You Can’t Hide Now (Source: Paul Kidd via flickr)
Let’s make one thing clear, it is not the fault of dogs that their waste litters our streets. It is the fault of the owners. Their irresponsibility degrades the quality of life in streets across the city and what’s worse is that is encourages others to shirk responsibility as well. The issue has angered people to such an extent that a company has sprung up that tests a dog’s DNA to track it back to the negligent owner in question.
This idea is not a new one. Way back in 2010, we noticed that residents in Park Slope, fed up with their own dog waste problems, suggested doing this very thing, mainly as a joke. Well, according to a report in the Huffington Post, the joke has become real and PooPrints, created by BioPet Vet Lab, offers services to housing complexes and developments that have a desire to make dog DNA swabbing a requirement for residents.
So basically, if a community employs PooPrints and a pile of dog waste is found, they can then track it back to the owner and issue them a fine of anywhere from $150-$1,000. The service, which operates in 33 states, has not yet come to New York City.
Some think the issue it is a victimless crime only affecting schlubs unlucky enough to step in a pile. As we’ve previously reported, besides lowering the quality of life in our neighborhoods, unattended dog waste on the streets is total hazard for the disabled, especially those using wheelchairs that they push with their hands.
A Roosevelt Island blog is suggesting that they should be the testing ground for this new service, as their community has had a big problem with dog waste. The reality is that unattended dog waste is a problem that most New Yorkers have to deal with and I wonder how upset privacy advocates would react to the service if it ever did become prominent citywide.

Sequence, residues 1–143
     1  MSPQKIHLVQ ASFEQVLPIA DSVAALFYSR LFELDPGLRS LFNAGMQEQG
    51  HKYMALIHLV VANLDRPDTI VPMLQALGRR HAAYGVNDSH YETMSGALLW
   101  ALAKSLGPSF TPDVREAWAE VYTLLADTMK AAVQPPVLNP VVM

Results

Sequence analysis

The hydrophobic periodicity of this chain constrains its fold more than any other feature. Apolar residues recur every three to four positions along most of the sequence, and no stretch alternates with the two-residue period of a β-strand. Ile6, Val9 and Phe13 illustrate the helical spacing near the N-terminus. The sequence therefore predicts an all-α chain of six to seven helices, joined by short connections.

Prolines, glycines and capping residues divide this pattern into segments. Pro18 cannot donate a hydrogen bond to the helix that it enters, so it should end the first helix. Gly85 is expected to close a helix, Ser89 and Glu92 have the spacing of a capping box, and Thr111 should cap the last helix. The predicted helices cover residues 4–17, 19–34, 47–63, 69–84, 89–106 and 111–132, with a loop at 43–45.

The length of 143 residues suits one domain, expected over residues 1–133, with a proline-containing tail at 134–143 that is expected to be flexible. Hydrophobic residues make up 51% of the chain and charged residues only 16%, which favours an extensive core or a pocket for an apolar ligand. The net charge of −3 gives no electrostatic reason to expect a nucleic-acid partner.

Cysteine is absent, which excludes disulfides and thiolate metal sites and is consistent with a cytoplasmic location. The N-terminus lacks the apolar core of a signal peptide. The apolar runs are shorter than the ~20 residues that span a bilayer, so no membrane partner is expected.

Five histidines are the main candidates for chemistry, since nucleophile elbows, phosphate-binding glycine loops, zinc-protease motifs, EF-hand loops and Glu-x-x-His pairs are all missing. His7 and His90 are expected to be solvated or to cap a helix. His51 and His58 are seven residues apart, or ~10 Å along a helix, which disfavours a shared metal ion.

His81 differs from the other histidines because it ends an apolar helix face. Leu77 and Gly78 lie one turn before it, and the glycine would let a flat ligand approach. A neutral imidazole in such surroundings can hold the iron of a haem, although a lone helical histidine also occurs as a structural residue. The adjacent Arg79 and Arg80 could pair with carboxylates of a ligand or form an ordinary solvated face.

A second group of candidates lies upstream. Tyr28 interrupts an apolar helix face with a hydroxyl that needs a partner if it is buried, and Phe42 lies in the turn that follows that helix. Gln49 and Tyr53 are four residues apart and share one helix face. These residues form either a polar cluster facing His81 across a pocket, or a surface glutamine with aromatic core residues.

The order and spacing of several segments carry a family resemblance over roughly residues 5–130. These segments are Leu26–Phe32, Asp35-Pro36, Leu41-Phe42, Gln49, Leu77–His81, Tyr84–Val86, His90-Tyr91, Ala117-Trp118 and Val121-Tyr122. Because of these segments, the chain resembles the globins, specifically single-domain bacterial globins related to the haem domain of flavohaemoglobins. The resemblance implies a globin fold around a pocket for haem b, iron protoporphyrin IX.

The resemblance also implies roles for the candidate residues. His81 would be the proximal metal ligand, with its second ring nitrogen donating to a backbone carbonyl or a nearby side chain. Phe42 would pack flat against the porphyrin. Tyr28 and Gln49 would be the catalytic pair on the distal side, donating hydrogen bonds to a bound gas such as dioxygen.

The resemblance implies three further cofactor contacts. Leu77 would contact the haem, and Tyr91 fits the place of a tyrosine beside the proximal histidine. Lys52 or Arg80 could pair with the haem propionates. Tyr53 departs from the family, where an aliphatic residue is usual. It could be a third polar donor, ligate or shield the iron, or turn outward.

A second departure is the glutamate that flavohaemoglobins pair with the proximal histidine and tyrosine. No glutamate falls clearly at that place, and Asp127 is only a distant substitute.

Traffic chaos on Ocean Avenue and Avenue M.
Recently, Mayor Bloomberg delivered his final “State of the City” address, which ended up serving as a cheery look back on all the accomplishments of the mayor’s career. The New York Times described it as “an unabashed and relentless tribute to his own municipal stewardship.” The Times thought it would be fitting to gather personal responses from readers on the “state of their blocks” to see if Bloomberg’s optimistic description of the city matched their own experiences.
While the results hardly matched the sunny picture Bloomberg painted, many were optimistic over the changes brought to Fort Greene, Washington Heights and Oakland Gardens in Queens. Closer to our area, Times reader “David” painted a grimmer picture, describing his block in Midwood in a harsh light:
Avenue L between Ocean Avenue and East 19th Street, Midwood, Brooklyn
The state of my block is unfortunately terrible. Since the peak of the market that brought me here in 2006 from Manhattan, the quality of life on this block in Brooklyn has only declined. Ocean Avenue is a raceway with little to no regard to the speed limit, or red lights; I have witnessed countless accidents. Avenue L is one of the few east/west two-way streets from Ocean Parkway, and therefore a thoroughfare of endless honking, radio blasting, and again little regard for the color and meaning of the traffic lights; only double-parked cars seem to slow down some. Real or ill-gotten handicapped placards show in every car window that disregards alternate-side parking rules, to ensure that the street is never cleaned properly, without threat of receiving a ticket; likewise, parking by a hydrant. Trash accumulates on the street and sidewalks, never to be cleaned by property owners, or the city. Graffiti is ever increasing despite the city program to curb it, as are illegally placed posters and handbills, the rules seemingly ignored and unenforced. Children over the age of 16 and adults careen on bicycles down the sidewalk without warning, especially at night, unseen until the last moment. Those sidewalks are never shoveled by most property owners when snow and ice make it treacherous to walk. That honking, it never ends, it seems obligatory, people honk to say “hi!” – David